On this day in 1960, Francis Gary Powers was shot down as he flew his CIA U-2A over Degtyarsk in the Soviet Union in an overflight codenamed Operation GRAND SLAM.
Operation GRAND SLAM was the 24th and most ambitious overflight of the Soviet Union. The overflights took place at an altitude that placed them out of range of Soviet interceptors and, it was erroneously thought, Soviet surface-to-air missiles. It was brought down when the first of three SA-2 Guideline missiles struck it. The commander who ordered the firing of the missiles wasn’t aware of the U-2’s destruction for more than 30 minutes and one of the missiles struck and brought down a MiG-19 that had been pursuing Powers because it’s IFF transponder hadn’t been switched to the May codess due to the May Day holiday.
Powers successfuly bailed out of his aircraft but was captured and even though he carried a silver dollar equiped with a saxitoxin-laced needle he didn’t use it. Upon his capture, Powers told his captors what his mission was and why he had been in Soviet airsplace because of orders he had received before embarking on his mission.
The United States at first denied the plane’s true purpose and mission but was forced to admit the overflight was a covert survelliance mission when the Soviet Union produced the intact remains of the U-2A, the pilot and photos taken during the mission. Occuring roughly two weeks before an East-West Summit in Paris, the incident (which came to be known as the US Incident) was a great embarasment to the United States and prompted a marked decline in Soviet-US relations, along with a deepening of the Cold War.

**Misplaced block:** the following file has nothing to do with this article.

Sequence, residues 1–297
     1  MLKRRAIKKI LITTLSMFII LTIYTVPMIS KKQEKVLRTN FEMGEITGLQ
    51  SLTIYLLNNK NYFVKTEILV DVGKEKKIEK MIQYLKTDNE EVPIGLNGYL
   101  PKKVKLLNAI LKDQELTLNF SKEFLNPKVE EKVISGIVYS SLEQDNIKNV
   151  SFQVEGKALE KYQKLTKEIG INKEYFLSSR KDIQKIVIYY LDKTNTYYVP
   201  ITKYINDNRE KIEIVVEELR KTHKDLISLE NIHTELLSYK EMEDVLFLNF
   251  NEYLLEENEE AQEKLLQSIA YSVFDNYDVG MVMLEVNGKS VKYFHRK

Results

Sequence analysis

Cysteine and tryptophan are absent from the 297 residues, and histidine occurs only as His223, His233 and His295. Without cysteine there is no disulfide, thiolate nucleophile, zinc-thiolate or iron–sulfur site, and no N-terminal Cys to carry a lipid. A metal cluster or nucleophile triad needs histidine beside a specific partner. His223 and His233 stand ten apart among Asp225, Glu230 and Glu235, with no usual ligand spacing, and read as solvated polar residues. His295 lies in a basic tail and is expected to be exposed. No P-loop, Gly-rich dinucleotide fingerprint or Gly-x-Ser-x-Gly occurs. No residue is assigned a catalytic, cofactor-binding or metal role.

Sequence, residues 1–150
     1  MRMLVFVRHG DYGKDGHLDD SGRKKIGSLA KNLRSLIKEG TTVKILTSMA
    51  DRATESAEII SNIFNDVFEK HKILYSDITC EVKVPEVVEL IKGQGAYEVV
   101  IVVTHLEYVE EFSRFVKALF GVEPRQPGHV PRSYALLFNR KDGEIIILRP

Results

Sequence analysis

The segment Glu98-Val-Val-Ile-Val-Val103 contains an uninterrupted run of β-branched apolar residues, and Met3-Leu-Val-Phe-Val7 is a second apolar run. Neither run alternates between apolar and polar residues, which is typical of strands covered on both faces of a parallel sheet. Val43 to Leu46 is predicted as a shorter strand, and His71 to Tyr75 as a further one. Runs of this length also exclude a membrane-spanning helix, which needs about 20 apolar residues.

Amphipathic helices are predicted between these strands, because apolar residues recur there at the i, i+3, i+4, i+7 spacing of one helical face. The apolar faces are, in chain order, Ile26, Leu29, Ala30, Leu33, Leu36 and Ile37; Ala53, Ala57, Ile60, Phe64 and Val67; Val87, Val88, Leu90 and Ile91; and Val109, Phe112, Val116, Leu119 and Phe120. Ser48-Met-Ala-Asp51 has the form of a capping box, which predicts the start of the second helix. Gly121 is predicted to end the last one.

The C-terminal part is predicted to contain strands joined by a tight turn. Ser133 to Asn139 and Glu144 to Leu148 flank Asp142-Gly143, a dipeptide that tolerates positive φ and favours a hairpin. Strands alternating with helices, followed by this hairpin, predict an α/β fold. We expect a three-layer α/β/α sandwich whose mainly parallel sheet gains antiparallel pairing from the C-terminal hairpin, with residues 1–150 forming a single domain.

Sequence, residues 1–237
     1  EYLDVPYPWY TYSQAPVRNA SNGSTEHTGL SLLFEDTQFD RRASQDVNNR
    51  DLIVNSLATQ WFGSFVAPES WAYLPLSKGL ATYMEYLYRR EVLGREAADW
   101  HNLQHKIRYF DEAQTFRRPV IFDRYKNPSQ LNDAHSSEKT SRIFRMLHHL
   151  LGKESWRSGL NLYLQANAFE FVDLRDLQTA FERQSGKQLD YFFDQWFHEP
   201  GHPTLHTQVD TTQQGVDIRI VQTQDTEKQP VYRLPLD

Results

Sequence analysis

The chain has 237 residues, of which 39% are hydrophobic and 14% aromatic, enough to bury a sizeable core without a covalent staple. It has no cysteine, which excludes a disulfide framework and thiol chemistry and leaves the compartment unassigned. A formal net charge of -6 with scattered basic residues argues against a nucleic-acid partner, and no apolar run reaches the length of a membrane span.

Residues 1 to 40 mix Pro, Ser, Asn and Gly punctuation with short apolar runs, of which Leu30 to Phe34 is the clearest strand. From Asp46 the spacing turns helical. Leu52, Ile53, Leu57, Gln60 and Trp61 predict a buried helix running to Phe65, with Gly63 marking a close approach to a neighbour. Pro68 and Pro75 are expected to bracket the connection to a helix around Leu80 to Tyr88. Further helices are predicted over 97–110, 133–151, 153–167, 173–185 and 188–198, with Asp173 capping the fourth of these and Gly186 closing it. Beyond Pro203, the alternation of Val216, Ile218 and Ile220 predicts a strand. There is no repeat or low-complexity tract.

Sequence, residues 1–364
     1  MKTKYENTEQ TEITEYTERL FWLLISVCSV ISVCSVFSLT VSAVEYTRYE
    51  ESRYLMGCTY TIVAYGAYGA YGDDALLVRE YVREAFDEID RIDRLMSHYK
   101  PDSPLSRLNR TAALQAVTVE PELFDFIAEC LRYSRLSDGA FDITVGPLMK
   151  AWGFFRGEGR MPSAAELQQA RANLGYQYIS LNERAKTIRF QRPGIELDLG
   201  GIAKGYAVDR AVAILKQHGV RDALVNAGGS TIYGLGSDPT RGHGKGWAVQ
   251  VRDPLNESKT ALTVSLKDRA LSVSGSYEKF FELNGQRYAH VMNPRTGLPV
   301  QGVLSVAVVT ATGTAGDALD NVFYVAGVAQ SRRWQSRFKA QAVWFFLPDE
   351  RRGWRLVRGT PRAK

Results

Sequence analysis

Powers was placed on trial, convicted of espionage and sentenced to three years of imprisonment plus seven years hard labor, but he was released on February 10, 1962, during a prisoner exchange for Rudolf Abel. Today a large part of the U-2 wreckage as well as many items from Powers’ survival pack are on display at the Central Armed Forces Museum in Moscow and a small piece of the plane that was returned to the United Staes is on display at the National Cryptologic Museum in Maryland.